The Occupied Territories Bill

 

Sir, – Alan Shatter’s letter (October 19th) opposing the Occupied Territories Bill as “dismissing the need for dialogue between Israeli and Palestinian leaders” and as aiming for “the destruction of the Israeli state” misleads readers on several important points.

First, in promoting dialogue between Israeli and Palestinian leaders, Mr Shatter ignores the failure of the 1993 Oslo Accords, the result of such dialogue, to bring about justice for the Palestinians under the Israeli occupation. Palestinians in the occupied West Bank are ruled by a settler colonial Israeli regime where checkpoints, raids, arrests, administrative detention, the arrest of young children and extrajudicial executions are regular occurrences, hardly a recipe for “ending conflict and effecting reconciliation”.

Second, Mr Shatter obscures the fact that the Israeli settlements, scattered throughout the occupied West Bank and the Jordan Valley, separating Palestinian villages through the apartheid wall and a network of checkpoints and Jews-only roads, grant Israeli settlers racial superiority over the occupied Palestinians, and are a hindrance to any meaningful dialogue, a dialogue patently impossible between the (Israeli) coloniser and the (Palestinian) colonised.

As a (Jewish) Israeli and Irish citizen (and as chairwoman of Academics for Palestine), I join Palestinian, Israeli and Irish Palestine solidarity activists in supporting the Occupied Territories Bill, which, like the BDS campaign, is a non-violent legitimate measure aimed at clarifying to the Israeli colonising entity that infringing the Palestinians’ rights, and the ongoing occupation, siege, oppression and ethnic cleansing policies can no longer be tolerated by any justice-loving person who supports the Palestinians’ right to self-determination, the return of all stolen Palestinian lands and of all Palestinian refugees expelled in 1948 and in 1967.

Like many others in Palestine, in Israel, and throughout the world, including many Jewish people, I believe that the establishment of one democratic state in historic Palestine where Palestinians, Jews and migrants live in full equality is the only way of bringing the colonisation of Palestine to an end. All non-violent measures, such as Boycott, Divestment and Sanctions (BDS) and the academic boycott of Israeli higher education institutions, and legislative measures such as the Occupied Territories Bill, are tactical steps crucial to achieving this justified aim. – Yours, etc,

RONIT LENTIN,

( Retired Associate

Professor of Sociology,

Trinity College Dublin)

Cornmarket,

Dublin 8.

Sir, – A basic error made in all of the opinions cited by Gerry Liston and also in his letter of October 17th is supposing that goods and services are produced by Israeli settlements in the West Bank.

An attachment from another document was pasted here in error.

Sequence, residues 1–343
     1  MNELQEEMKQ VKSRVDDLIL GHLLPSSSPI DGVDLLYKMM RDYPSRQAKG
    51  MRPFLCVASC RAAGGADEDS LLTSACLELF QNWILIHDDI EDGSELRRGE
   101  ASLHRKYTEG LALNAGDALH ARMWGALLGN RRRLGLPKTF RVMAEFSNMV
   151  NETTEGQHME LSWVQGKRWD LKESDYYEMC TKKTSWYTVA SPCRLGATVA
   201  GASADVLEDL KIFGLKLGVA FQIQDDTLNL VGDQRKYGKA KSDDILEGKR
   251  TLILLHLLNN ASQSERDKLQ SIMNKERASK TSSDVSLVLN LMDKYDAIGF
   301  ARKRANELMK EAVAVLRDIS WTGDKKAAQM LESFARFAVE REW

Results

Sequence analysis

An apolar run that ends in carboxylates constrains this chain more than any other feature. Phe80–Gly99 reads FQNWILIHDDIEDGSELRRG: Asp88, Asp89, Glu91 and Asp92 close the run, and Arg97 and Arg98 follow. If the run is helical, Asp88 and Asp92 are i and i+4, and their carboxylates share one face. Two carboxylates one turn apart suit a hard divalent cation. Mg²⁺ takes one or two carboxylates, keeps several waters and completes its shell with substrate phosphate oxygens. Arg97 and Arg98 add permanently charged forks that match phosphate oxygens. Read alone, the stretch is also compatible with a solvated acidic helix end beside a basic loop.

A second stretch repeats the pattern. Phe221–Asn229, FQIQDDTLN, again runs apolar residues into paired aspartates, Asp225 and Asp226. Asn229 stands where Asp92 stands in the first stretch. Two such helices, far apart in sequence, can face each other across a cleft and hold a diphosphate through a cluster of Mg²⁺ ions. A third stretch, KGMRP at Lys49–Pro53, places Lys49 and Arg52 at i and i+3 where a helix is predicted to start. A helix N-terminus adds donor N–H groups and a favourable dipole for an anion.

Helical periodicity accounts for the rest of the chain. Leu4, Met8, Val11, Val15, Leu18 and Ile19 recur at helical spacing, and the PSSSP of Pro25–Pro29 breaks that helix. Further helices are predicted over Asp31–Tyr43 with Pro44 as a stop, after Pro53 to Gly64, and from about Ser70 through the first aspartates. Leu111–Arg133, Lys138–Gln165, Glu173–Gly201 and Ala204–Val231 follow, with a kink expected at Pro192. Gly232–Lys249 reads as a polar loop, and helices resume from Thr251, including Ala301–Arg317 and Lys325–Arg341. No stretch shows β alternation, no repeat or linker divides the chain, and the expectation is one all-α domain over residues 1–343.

In reality, goods and services are produced by numerous independent Israeli businesses in the vicinity of the Israeli settlements, rather than by the settlements themselves.

In the submission we were invited to submit to the Joint Oireachtas Committee on Foreign Affairs, we pointed out that these businesses employ tens of thousands of Palestinians at much higher salaries than Palestinians obtain elsewhere, except when they receive the lavish salaries paid by the Palestinian Authority for murdering Israelis.

The families and dependents of the above Palestinian workers depend on their earnings from these businesses and run into hundreds of thousands of individuals. But Mr Liston’s Bill would ban the sale of products and services of all of these businesses.

The Ireland Israel Alliance had the privilege of visiting one such place of employment only last month, a plastics factory in the Barkan Industrial Estate in the West Bank, a model of peace and economic growth for Arab and Jew alike. Some 70 per cent of the workforce are Arab and their salaries are four times higher than their neighbours under the Palestinian Authority. The one thing that above all else unites Jews and Arabs in these areas is a desire for a peaceful and prosperous future for their children. They see the “Occupied Territories” Bill as a blunt instrument that will only lead to unemployment.

Furthermore, even if Article 49(6) of the Fourth Geneva Convention applies to the West Bank, it does not prohibit businesses, only the transfer of persons, as was recognised in judgments of a French court of appeal and the British supreme court, and which are not mentioned in any of Mr Liston’s opinions. And contrary to Mr Liston’s suggestion, the International Court of Justice has not held that Israeli businesses in the West Bank contravene international law.

Mr Liston is wrong to claim that the State would only have to pay damages if it fails to comply with a ruling of the European Court of Justice. The ECJ held in Francovich and in other cases that private parties are entitled to compensation for loss due to a national measure in breach of EU law.

Finally, the evidence we submitted showed that under the Ribicoff amendment, US companies would suffer loss of tax benefits in respect of the whole turnover of Irish subsidiaries if they participate or cooperate in an international boycott that is not sanctioned by the US government.

Participation in a boycott of Israeli businesses in the West Bank would also conflict with a multitude of US state laws, as Airbnb rapidly found.

Mr Liston’s blunt assertion that Israel are the criminals and the Palestinians the victims is not only risible, but highly insulting to the hundreds of thousands of Palestinians whose livelihoods are at risk, and to the hardworking and industrious Israelis who provide them with employment.

His final statement fully exposes his dangerous and divisive view that dialogue between Israel and the Palestinians is neither possible nor desirable. – Yours, etc,

JACKIE GOODALL,

Executive Director,

Ireland Israel Alliance,

Dublin 2.